As regulatory inspections of sterile and aseptic manufacturing are becoming more severe resulting in an increase in warning letters, Hoffmann-La Roche has put in place a ‘Sterile Oversight Strategy’ in order to govern its external manufacturers.
Speaking in London, UK at the Global Pharmaceutical Contract Manufacturing (GPCM) Event, Jean-Jacques Kielwasser – responsible for external manufacturing at Roche – said the firm’s decision of implementing its ‘Sterile Oversight Strategy’ was critical in creating a “leaner network but with stronger partnerships”, and involved four key areas:
- Increasing all sites, Roche or otherwise, to safety level 3
- Having a ‘person in the plant’ (PIP) at all external sites
- Creating a ‘Task Force Guidance’ on known risks, including: plant shutdown, equipment reliability, inadequate management and environmental control
- Accessing all the CMO’s KPIs without waiting for monthly reports though its KPI measuring Performance Reliability Tool (PRT)
With regards to the PRT, Kielwasser said this wasn’t so much an audit but a regular three-monthly observation of the manufacturers compounding, filtration, aseptic filling and labeling processes and, with such high standards, could result in Roche ordering batches to be destroyed which the CMO considers fine.
Stepping on CMO's Feet?
Such governance led to questions by a number of CMOs in attendance, including Hospira – who has been at the forefront of a number of recalls and warning letters in recent years – who asked how Roche’s higher expectation than that of its manufacturer could work costwise.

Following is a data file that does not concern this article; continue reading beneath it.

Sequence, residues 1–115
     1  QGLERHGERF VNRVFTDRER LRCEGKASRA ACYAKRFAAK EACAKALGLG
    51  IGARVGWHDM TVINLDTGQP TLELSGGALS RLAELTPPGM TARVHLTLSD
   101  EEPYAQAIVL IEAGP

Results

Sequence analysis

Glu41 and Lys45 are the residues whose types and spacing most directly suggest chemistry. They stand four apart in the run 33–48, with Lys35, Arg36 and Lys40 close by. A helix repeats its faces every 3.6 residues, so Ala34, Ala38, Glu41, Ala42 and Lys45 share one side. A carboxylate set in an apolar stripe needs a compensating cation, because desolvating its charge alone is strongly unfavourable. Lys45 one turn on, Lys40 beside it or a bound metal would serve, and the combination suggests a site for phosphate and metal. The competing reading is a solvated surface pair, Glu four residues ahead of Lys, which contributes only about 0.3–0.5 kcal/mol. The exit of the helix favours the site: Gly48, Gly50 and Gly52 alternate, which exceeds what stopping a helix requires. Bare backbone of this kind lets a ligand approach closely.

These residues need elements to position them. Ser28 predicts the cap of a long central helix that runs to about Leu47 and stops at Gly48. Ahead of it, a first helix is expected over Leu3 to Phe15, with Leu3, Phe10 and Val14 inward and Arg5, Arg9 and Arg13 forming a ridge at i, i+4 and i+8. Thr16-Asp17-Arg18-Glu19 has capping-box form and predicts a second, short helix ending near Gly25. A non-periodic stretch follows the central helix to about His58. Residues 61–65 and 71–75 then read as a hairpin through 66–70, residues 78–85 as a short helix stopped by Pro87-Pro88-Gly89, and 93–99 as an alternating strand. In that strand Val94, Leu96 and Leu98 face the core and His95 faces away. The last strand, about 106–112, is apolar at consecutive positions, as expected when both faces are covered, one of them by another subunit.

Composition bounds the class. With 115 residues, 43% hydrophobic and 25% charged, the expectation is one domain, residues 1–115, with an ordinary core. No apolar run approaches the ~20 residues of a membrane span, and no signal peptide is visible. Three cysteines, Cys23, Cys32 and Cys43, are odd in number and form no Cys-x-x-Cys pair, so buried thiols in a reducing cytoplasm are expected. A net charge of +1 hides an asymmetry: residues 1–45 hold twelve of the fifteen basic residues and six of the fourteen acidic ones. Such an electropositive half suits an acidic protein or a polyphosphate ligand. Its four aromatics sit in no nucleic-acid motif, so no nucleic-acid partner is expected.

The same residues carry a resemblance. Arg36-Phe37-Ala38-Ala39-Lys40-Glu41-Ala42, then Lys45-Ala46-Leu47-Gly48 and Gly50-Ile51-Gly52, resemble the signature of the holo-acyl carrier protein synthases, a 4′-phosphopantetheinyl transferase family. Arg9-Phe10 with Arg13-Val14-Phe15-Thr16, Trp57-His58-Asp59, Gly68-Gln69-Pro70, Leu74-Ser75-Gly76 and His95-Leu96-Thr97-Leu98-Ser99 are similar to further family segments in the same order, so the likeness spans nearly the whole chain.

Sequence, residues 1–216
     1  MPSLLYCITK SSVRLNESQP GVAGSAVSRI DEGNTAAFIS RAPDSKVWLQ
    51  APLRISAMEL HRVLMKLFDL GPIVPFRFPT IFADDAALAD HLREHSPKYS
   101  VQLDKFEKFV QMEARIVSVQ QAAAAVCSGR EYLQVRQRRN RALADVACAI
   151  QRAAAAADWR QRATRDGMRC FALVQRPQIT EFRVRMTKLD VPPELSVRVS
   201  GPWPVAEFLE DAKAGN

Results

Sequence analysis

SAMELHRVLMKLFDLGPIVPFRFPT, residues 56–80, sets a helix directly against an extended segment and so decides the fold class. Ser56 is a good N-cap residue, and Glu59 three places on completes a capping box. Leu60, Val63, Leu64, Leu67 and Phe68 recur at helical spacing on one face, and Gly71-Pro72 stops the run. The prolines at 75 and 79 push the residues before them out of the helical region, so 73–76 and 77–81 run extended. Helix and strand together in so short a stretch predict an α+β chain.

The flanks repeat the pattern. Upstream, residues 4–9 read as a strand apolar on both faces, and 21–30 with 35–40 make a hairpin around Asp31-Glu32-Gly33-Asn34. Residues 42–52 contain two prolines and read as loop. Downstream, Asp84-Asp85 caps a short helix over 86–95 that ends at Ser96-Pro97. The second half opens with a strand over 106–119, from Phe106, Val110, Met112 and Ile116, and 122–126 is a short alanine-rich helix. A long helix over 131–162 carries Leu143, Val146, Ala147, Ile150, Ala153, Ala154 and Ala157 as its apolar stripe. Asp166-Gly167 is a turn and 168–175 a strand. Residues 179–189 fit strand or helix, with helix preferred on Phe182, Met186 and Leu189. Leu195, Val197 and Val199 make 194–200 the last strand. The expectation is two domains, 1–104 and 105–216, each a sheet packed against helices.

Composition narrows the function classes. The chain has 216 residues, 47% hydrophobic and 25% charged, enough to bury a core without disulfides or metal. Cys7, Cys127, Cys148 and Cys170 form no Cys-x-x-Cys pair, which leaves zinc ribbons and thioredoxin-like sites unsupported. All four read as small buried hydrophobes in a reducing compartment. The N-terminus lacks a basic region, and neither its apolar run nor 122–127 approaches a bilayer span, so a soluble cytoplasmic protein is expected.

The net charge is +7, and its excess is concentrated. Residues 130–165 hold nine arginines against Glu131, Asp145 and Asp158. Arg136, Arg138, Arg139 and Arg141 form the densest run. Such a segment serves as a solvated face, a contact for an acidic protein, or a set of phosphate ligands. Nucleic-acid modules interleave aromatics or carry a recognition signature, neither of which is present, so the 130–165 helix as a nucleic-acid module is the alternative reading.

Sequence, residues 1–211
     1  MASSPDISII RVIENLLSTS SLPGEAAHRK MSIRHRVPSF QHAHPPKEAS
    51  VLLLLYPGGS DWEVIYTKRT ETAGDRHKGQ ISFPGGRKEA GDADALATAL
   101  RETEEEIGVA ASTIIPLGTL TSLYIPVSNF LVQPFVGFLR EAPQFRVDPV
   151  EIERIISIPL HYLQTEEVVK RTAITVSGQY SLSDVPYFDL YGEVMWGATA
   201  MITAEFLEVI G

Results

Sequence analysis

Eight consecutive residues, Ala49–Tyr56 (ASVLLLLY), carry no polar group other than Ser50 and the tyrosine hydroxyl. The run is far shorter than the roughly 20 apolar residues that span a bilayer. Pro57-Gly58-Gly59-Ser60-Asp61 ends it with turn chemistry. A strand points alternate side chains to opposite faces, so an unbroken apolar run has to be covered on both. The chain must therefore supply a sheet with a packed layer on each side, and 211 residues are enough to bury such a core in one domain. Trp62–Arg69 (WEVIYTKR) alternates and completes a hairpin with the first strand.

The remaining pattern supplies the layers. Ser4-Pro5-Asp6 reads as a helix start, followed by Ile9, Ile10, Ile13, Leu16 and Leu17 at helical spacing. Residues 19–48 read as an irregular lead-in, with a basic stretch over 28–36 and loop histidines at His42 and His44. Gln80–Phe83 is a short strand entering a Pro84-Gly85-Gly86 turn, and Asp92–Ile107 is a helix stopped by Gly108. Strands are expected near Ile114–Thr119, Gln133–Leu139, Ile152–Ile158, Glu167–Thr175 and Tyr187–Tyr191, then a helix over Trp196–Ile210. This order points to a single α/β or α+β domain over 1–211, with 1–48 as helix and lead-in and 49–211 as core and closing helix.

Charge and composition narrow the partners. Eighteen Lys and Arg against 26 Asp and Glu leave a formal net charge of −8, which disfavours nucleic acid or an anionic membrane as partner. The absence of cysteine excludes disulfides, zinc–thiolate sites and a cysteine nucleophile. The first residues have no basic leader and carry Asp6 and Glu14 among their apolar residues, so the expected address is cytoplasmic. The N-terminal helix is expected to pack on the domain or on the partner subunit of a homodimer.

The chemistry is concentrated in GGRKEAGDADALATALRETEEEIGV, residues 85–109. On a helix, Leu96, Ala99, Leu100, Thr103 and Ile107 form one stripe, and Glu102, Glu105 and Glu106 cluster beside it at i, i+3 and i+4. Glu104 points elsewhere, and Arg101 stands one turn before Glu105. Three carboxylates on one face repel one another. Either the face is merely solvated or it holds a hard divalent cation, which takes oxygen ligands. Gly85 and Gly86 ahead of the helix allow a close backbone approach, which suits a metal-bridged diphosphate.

Kielwasser answered cost of destroyed batches would be split between Roche and the CMO depending on the contract and the actual problem itself.
Furthermore, it was asked whether this was an intrusion into the business of CMOs and whether they were cooperating with Roche because of the buying power of the Big Pharma company.
Kielwasser said that though clients wanted to keep Roche as a client, they could also see the benefits of such vigilance, bringing in training and support to the CMO as a whole.
“CMOs have commented on how Roche is so committed to this quality standard, far more than other Big Pharma,” Kielwasser told Outsourcing-Pharma.com.
Reduction in Partners
This, he continued, is also just a temporary measure and is part of a strategy to reduce the number of CMOs Roche is partnered with.
When asked if this was evidence of a move back to inhouse manufacturing, Kielwasser told this publication the reduction was due to the cost of such governance by Roche, and therefore it was better to have a smaller, more secure network.